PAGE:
Most of us have a competitive streak. And even if yours is buried somewhere deep, you can be sure it will start to surface if you’ve paced your race well and begin passing those who haven’t. The adrenalin kicks in with every competitor that you reel in and leave in your wake. Your inner Usain Bolt takes over and you may even find yourself accelerating while everyone else is going backwards. It’s a great feeling and will leave you hungry for more.
6) Last year’s results speak volumes
I’ve analysed the results for various finishers of last year’s Auckland Marathon, calculating the difference in their splits from the first half to the second half (check out the fascinating results here).
The male and female winners both had a very slight positive split (11sec and 24sec respectively), meaning they slowed up a little in the final half, probably to enjoy the moment and wave to the crowd. Ultimately, their even pacing shows how experienced they are at judging their current fitness, setting realistic pace goals, and sticking to them.
However, when I looked down the list of 38 results that I analysed (including a good cross section of finishers from fastest to slowest), only five of the runners managed negative splits. The large majority slowed up significantly and, typically, the slower the marathon the worse the positive split.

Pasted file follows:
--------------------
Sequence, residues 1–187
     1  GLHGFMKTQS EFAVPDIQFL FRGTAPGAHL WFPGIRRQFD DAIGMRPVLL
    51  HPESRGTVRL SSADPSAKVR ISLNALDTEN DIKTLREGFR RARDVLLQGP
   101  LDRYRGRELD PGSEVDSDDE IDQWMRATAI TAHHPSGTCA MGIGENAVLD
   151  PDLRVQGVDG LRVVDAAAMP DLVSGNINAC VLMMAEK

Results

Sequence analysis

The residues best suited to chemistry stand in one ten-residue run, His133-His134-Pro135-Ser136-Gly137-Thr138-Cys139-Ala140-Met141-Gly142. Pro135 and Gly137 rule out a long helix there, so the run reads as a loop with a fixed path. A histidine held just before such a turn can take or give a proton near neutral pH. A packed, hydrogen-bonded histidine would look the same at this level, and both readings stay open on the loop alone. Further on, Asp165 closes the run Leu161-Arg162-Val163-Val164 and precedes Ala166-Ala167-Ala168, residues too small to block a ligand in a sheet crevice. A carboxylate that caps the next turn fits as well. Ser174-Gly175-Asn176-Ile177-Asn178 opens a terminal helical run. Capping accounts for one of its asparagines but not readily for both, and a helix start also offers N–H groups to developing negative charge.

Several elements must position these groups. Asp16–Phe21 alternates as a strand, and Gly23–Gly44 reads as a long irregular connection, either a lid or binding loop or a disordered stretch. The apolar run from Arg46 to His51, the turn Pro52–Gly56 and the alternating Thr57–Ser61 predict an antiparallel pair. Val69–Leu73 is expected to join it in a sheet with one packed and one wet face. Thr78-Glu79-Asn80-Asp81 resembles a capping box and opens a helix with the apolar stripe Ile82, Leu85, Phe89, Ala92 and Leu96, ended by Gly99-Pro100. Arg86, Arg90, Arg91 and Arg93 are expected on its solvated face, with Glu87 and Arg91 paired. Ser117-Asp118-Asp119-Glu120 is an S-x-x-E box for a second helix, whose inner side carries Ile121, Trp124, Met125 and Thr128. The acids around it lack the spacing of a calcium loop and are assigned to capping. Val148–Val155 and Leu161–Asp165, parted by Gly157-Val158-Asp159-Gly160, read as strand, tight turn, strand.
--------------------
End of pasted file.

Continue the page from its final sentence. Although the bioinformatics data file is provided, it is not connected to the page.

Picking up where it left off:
In many major marathons it’s not uncommon to see split differentials of 40 minutes or more at the back of the race. This represents a whopping two-minute per kilometre slowing in average pace (which is the equivalent of dropping from 15kph down to 10kph). So there are huge gains to be made for most of the field, particularly those running five hours or more, simply by getting the pacing right.
Tips for setting a pace goal
- Analyse the speeds of your longest runs.
- Do a race (5-10k is perfect) about a week or two before the event and use a website like mcmillanrunning.com to estimate your projected half or marathon time.
- Be aware that online calculators make generalisations, so personalise your projected time by tempering it with how you feel on your longest runs (i.e. could you hold that same pace till the end of the race?).
- Create a realistic time goal that errs on the conservative. Also adjust the time to be slower closer to the day if wind and/or heat are forecast.
- Get outside advice by finding a coach who can help you calculate your time goal in an objective way (contact me if you want help here).
Applying your time goal
- Break this time into individual 5km splits and commit them to memory.
- Know what pace per kilometre this time goal represents.
- Go no faster than this pace for the first 32km (or 13km in the half).
- Run a practice run one week out from race day at this same pace for just 5km and during this run also practice drinking on the run to simulate race day.
- Use an accurate GPS watch as a guide and make sure it’s well charged the night before and that you’ve connected it to a satellite well before race start.
- Finally, enjoy the feeling of finishing strong and passing by others who ignored every runner’s kryptonite and started too fast.
This article is an entry by Hayden Shearman on his training blog at Stuff.co.nz (published16 October).